Lydia Lynch

Lydia Lynch

Associate Professor
Lydia Lynch
The Lynch Lab studies immunometabolism. One major research focus is to understand the interdependence of the immune and metabolic systems, especially in the setting of obesity and in cancer. We study immunometabolism at both the organismal and cell-intrinsic level, which is at an exciting time of convergence. For example, perturbations in systemic metabolism that occur in obesity or cancer, affect immune cell intrinsic metabolism and thus, affect immune cell function. Our research focuses particularly on the role of innate lymphocytes, including gd T cell, iNKT cells, MAIT cells and NK cells.
Our research interests are quite diverse, but all fall broadly under immunometabolism. Some questions we are asking include
1) What is the main role of the adipose immune system, and what adipose-derived factors control its regulatory nature? What can we learn from this about immune regulation in other situations such as lipid-rich solid tumors?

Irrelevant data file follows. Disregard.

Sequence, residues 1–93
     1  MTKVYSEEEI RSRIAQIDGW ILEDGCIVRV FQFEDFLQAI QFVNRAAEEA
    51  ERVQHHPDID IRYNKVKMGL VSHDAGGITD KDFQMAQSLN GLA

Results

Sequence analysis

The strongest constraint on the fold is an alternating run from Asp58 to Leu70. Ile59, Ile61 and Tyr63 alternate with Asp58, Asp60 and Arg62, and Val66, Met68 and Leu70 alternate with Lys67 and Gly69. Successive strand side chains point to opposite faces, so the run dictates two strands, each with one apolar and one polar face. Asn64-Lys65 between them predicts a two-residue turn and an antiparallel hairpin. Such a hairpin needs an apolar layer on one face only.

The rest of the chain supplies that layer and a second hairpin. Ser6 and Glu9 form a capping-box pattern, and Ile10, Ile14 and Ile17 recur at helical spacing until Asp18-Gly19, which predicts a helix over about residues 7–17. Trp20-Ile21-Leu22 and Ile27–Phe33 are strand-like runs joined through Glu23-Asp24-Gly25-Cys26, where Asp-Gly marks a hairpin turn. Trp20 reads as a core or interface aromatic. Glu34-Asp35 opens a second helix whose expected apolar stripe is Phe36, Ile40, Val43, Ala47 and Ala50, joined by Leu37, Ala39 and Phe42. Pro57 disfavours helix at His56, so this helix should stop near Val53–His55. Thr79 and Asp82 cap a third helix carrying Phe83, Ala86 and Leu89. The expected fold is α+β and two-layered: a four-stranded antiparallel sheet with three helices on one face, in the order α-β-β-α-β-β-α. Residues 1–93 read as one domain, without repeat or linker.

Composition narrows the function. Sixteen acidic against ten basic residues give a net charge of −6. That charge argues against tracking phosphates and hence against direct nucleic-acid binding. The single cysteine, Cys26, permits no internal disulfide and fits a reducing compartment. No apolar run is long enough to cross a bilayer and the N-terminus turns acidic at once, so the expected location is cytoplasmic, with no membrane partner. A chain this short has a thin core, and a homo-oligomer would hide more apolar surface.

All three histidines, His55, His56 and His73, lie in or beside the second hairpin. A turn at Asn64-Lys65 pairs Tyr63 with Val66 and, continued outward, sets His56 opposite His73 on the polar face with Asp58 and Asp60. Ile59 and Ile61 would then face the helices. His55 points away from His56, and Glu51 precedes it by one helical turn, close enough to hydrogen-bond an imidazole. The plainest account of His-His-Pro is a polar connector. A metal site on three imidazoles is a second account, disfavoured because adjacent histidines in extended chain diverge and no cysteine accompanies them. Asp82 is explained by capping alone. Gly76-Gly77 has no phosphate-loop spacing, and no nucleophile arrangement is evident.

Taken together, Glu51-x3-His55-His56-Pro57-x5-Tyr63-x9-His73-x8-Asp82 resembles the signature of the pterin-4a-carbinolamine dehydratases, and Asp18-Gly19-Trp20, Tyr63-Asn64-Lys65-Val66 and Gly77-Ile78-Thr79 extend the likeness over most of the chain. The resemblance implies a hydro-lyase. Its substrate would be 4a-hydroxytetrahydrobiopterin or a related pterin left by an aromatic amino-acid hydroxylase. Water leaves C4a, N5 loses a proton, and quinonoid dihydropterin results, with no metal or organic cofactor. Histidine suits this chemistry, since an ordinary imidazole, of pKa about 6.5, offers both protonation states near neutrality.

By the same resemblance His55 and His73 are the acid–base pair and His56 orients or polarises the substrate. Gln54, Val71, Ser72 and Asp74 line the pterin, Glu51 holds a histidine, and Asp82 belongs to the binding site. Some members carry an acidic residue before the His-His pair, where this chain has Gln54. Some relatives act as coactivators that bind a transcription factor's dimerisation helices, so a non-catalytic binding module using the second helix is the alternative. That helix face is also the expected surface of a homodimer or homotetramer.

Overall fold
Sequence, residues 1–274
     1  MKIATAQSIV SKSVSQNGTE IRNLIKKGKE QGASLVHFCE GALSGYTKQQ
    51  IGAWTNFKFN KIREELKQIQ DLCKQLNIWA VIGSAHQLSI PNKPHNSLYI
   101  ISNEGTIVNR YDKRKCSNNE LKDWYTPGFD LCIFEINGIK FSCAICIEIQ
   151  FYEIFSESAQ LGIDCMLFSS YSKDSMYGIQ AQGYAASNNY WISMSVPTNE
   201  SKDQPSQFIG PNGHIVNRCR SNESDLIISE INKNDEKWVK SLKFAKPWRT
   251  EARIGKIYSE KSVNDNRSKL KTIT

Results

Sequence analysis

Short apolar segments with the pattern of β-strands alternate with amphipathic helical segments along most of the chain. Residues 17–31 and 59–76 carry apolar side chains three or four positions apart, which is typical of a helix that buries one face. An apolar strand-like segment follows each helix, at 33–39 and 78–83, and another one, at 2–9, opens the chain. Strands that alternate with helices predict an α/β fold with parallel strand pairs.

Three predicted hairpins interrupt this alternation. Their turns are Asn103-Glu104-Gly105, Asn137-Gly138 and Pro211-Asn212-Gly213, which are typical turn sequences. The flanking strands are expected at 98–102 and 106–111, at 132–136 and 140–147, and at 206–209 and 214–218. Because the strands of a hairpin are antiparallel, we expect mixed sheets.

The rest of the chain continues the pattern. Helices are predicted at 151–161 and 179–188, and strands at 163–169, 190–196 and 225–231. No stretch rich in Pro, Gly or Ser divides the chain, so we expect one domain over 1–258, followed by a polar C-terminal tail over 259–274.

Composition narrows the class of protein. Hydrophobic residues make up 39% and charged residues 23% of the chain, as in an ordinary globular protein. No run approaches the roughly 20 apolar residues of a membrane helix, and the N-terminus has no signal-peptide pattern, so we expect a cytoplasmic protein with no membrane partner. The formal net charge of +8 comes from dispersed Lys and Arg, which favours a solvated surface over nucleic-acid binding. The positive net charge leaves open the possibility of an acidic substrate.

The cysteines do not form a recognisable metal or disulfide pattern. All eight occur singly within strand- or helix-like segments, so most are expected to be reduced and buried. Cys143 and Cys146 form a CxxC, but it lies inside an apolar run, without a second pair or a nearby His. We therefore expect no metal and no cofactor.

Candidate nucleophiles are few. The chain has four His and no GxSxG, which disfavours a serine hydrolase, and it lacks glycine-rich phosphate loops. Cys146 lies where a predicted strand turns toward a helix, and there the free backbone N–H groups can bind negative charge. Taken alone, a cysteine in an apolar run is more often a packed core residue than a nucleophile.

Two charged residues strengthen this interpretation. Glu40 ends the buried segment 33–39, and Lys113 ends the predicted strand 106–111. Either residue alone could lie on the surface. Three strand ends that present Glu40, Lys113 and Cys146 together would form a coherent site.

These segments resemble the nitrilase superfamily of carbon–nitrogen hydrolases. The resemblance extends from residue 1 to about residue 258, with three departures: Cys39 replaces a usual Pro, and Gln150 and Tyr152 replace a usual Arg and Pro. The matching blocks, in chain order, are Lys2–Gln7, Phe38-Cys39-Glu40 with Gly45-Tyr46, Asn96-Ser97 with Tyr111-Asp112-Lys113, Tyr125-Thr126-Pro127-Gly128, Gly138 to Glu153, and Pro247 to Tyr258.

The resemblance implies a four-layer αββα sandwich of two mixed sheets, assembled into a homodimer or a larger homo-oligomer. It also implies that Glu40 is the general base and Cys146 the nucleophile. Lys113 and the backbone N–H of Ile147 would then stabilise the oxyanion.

2) What regulates the innate IL-17 family and what does IL-17 regulate? Here we are particularly interested in metabolic pathways, especially lipid metabolism, in regulating IL-17, and how IL-17 regulates non-typical immune functions such as thermogenesis, and other neuroimmune behaviors.
3) Can we manipulate metabolic pathways through diet or therapeutic options to improve immunity in obesity or other diseases.
As the Director of the metabolic core at Brigham and Women’s Hospital, we study use state-of-the-art facilities to study immunometabolism in vivo, and take a molecular and biochemical approach in vitro, in both humans and mice. We also use multi-omics (single cell seq, metabolomics, lipidomics, proteomics) to understand cross-talk between systems and to identify major immune pathways that are perturbed during diet, metabolic disease cancer, and metabolic emergency (eg fasting, cold exposure).

Contact Information

Harvard Institutes of Medicine
77 Avenue Louis Pasteur Room 646
Boston, MA 02115
p: 617-525-5152